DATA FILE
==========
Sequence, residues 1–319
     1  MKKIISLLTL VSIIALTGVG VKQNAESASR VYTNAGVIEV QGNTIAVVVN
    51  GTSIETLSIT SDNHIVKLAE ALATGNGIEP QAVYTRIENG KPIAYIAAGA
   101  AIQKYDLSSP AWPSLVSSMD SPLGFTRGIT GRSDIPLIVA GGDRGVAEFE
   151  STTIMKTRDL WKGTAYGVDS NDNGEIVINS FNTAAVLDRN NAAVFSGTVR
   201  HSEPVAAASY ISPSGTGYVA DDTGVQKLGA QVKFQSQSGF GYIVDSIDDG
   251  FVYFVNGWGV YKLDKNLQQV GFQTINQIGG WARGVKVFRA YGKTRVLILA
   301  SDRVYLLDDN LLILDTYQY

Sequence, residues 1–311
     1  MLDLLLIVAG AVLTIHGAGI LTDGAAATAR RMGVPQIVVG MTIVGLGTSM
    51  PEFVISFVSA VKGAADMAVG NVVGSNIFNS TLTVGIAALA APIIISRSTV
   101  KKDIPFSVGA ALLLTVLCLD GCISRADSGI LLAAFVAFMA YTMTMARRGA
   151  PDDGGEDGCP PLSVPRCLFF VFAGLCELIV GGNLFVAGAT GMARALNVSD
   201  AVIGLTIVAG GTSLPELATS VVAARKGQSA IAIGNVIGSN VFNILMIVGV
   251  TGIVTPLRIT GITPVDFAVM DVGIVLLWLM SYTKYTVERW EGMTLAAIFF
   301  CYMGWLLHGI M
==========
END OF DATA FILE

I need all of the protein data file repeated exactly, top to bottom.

Sequence, residues 1–319
     1  MKKIISLLTL VSIIALTGVG VKQNAESASR VYTNAGVIEV QGNTIAVVVN
    51  GTSIETLSIT SDNHIVKLAE ALATGNGIEP QAVYTRIENG KPIAYIAAGA
   101  AIQKYDLSSP AWPSLVSSMD SPLGFTRGIT GRSDIPLIVA GGDRGVAEFE
   151  STTIMKTRDL WKGTAYGVDS NDNGEIVINS FNTAAVLDRN NAAVFSGTVR
   201  HSEPVAAASY ISPSGTGYVA DDTGVQKLGA QVKFQSQSGF GYIVDSIDDG
   251  FVYFVNGWGV YKLDKNLQQV GFQTINQIGG WARGVKVFRA YGKTRVLILA
   301  SDRVYLLDDN LLILDTYQY

Sequence, residues 1–311
     1  MLDLLLIVAG AVLTIHGAGI LTDGAAATAR RMGVPQIVVG MTIVGLGTSM
    51  PEFVISFVSA VKGAADMAVG NVVGSNIFNS TLTVGIAALA APIIISRSTV
   101  KKDIPFSVGA ALLLTVLCLD GCISRADSGI LLAAFVAFMA YTMTMARRGA
   151  PDDGGEDGCP PLSVPRCLFF VFAGLCELIV GGNLFVAGAT GMARALNVSD
   201  AVIGLTIVAG GTSLPELATS VVAARKGQSA IAIGNVIGSN VFNILMIVGV
   251  TGIVTPLRIT GITPVDFAVM DVGIVLLWLM SYTKYTVERW EGMTLAAIFF
   301  CYMGWLLHGI M